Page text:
The phone call from his brother came as a warning. Or at least a heads-up.
They’re looking for a home for the boys.
Ken Hunt hadn’t seen them — his two great-nephews, now 15 and 13 — in six or seven years. They had to be much bigger than the last time he’d seen them, at a downtown Kansas City bus stop with their mother, his niece.
He knew something about how things had turned badly for them. Their home broken. Split up into separate foster homes.
But why call him? He was past the age of 60 when the phone rang a year ago April. He was more than a generation removed — their great uncle.
“I didn’t know if they’d remember me,” he said.
Desperate is probably too strong a word. But the team members at the Midwest Foster Care and Adoption Association were certainly going deep into the boys’ family tree in search of potential permanent homes when they reached out to Hunt.
The boys’ “genogram” had well more than 50 names, said Alicia Nolte, a member of the adoption association’s Extreme Recruitment team that takes on harder-to-place cases.
A genogram, more than a family tree, may look more like a computer circuit, with symbols interconnected by lines that attempt to track relationships that might be promising or could be broken, fractured or otherwise complicated.
It’s hard to find a home for one teenage boy, Nolte said, and harder when they’re trying to unite two boys, and one of them with some mental disabilities.
In these and other difficult adoption searches, “it is frustrating when you are talking to family you know are able (to consider adoption) but not willing,” she said.
But when they got hold of Hunt, what they found, as Hunt describes himself, was “an honest-to-goodness cowboy.”
And this was a good thing.
It didn’t happen right away. Hunt was living with his girlfriend at the time. He waited for her to move, and then there would have to be background checks and training.
But he knew it was going to happen. He had pictures of their faces put in his hand. He could see them together again, sharing the horses he helps tend at a former dairy farm just down the road from his Grandview home.
“It wasn’t a matter of ‘I need to do this,’” he said. “I had to do this.”
The younger brother, who just came flopping onto the couch in his new home after school this week, agreed with his older brother and uncle.
This new arrangement in life works best of all for him. He’s “the chatterbox,” as his uncle called him.
He’s also the one who needed the most help. He’s the one who relied most on his older brother and hurt the most when they were separated. (Their names are not being used at the request of their court-appointed advocate.)
When he was troubled, the 13-year-old said, “the person I talked to was him.”
He nodded to his brother.
“He didn’t always know how to talk about it, but he would try to cheer me up, which was good.”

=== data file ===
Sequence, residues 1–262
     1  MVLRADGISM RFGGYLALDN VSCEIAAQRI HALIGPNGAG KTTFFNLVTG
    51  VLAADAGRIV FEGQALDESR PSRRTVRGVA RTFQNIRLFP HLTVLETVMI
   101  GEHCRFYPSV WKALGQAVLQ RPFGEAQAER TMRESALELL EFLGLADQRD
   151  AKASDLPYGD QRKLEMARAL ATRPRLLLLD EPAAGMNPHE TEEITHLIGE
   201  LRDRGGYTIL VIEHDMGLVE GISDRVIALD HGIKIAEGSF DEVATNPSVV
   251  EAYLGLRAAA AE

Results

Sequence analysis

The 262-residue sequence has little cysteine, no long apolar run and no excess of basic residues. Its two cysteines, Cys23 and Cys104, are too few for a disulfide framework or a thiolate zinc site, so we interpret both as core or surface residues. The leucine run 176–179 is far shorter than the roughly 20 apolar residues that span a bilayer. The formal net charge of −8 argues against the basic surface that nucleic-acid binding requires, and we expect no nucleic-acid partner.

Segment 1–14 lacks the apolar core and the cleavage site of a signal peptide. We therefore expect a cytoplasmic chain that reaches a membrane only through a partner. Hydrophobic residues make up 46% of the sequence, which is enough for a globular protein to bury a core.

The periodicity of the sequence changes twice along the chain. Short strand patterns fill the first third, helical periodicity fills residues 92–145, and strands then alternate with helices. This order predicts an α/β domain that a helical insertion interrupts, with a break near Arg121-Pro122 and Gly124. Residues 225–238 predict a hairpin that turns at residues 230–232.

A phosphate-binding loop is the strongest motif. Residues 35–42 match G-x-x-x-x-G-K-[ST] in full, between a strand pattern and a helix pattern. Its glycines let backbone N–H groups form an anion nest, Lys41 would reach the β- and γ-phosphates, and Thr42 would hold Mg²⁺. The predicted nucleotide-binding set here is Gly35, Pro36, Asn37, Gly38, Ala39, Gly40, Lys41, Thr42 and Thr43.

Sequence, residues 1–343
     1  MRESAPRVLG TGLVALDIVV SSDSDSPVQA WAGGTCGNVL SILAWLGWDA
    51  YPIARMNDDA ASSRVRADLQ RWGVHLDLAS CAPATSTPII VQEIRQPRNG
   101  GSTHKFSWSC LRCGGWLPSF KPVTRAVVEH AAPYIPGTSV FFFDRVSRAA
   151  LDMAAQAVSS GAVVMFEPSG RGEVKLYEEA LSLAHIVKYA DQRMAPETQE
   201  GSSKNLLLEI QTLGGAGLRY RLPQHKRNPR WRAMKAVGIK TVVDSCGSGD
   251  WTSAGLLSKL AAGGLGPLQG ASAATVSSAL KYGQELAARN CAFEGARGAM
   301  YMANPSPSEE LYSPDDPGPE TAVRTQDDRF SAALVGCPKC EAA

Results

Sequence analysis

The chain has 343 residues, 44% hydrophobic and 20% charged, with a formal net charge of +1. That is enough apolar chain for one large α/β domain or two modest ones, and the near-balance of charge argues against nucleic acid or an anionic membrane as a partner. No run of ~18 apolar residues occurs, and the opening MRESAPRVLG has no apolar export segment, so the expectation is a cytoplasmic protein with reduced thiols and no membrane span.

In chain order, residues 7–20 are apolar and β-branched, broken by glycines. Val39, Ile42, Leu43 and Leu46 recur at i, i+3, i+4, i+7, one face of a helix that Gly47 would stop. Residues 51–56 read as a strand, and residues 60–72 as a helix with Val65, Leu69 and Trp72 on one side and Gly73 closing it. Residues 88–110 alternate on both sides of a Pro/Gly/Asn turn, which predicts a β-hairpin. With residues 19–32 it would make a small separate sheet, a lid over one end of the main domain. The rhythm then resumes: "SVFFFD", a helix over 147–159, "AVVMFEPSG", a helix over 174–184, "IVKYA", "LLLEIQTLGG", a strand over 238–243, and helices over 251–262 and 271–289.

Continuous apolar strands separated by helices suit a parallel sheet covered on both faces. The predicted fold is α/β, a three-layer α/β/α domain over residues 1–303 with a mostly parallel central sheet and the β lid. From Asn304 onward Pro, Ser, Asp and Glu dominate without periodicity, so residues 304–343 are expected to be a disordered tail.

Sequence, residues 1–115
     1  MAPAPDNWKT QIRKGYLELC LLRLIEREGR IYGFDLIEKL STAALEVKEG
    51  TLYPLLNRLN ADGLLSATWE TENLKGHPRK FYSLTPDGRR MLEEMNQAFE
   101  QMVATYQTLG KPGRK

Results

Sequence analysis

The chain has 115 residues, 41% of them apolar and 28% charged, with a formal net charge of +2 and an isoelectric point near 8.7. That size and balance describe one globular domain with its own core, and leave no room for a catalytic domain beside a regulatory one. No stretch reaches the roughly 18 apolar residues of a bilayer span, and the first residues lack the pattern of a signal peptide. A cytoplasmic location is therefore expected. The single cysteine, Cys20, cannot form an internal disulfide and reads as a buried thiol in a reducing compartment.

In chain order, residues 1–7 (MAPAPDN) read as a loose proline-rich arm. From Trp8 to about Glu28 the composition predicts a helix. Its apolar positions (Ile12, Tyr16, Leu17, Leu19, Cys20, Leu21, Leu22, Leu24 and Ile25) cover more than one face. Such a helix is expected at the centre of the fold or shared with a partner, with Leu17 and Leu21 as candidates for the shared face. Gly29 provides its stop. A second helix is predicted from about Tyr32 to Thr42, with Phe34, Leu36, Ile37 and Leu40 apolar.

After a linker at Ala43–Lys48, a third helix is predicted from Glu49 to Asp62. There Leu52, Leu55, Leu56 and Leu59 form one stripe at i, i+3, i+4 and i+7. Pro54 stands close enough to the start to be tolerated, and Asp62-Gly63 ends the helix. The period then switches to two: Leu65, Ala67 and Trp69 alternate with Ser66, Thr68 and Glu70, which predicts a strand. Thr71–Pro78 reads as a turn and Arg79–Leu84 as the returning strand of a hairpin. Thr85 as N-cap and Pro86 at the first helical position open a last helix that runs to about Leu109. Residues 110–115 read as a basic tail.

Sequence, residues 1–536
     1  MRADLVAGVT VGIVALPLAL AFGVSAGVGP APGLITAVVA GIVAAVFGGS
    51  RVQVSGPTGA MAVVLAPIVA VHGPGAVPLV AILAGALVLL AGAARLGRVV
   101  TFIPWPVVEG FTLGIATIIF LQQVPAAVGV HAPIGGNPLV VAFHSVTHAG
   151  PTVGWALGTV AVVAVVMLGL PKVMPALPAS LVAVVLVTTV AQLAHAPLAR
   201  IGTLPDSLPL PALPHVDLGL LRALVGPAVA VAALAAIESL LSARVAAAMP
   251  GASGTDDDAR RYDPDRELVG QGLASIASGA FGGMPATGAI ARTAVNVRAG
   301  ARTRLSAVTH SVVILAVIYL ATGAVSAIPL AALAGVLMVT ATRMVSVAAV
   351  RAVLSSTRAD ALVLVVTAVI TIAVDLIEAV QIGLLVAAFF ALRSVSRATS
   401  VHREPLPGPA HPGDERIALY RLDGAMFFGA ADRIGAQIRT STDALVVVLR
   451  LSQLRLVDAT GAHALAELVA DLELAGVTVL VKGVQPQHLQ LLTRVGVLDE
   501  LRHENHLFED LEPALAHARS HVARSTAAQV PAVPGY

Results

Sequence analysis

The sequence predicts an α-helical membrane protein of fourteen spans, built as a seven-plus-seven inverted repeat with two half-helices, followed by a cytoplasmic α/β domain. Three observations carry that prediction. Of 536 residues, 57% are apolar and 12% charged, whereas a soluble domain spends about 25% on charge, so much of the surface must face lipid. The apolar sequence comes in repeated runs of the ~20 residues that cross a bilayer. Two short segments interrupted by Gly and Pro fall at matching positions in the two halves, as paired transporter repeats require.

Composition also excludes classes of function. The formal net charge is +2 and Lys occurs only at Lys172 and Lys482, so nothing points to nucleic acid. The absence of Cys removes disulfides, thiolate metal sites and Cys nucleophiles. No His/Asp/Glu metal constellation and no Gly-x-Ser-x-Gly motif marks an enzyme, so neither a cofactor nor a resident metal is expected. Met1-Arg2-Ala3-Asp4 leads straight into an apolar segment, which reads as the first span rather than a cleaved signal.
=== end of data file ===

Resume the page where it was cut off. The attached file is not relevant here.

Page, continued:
The younger boy is also the one who really likes being with the horses.
The older brother? He goes along.
“I always took care of him,” the 15-year-old said.
For a while, the agency had made arrangements so the brothers could get together once a week, at a park or a McDonald’s. But it could only do so much to ease the drifting feeling, the older boy said.
“I needed family,” he said.
The boys have lived in their uncle’s home for a month. The adoption itself is still going through the legal process. So they’re still learning about one another.
Now, as Hunt walks with his boys among the elegant and nuzzling horses, he teases them with a hint at some of the life he led.
“I never did make enough money rodeoing,” he said.
In one sense, he looks the part, with a worn and bent-brimmed cowboy hat atop his head, a vest over his shirt, and jeans and boots.
But he is 62, and the mustache rounding down to his jaw is grizzled. The older boy’s comment on his first impressions of the new head of his family was: “I thought you’d be younger.”
He was a bull rider, Hunt tells them — the last one just 10 years ago at the old Benjamin Ranch rodeo, although that bull “showed me the light” and put that fun finally to rest.
This was the kind of stuff the younger boy was talking about when he said that “it’s fun and awesome to get family members … and learn about them.”
“My grandpa — your great-grandpa — got me riding horses when I was 5,” Hunt said. “I was a kid, too, believe it or not.”
There are difficult times for them, Hunt said. And perplexing things to understand like teenagers and their phones and all that texting.
But he doesn’t doubt the rightness of what he’s doing, taking these boys in together with his “rusty parenting skills.”
The thing about cowboying and horses, Hunt tells them, is “my grandpa said that once it gets in your blood, you never get it out.”
The younger boy, with his hand around a horse’s brown muzzle, says, “I’m never going to get it out?”
No, Hunt says. Not in this family.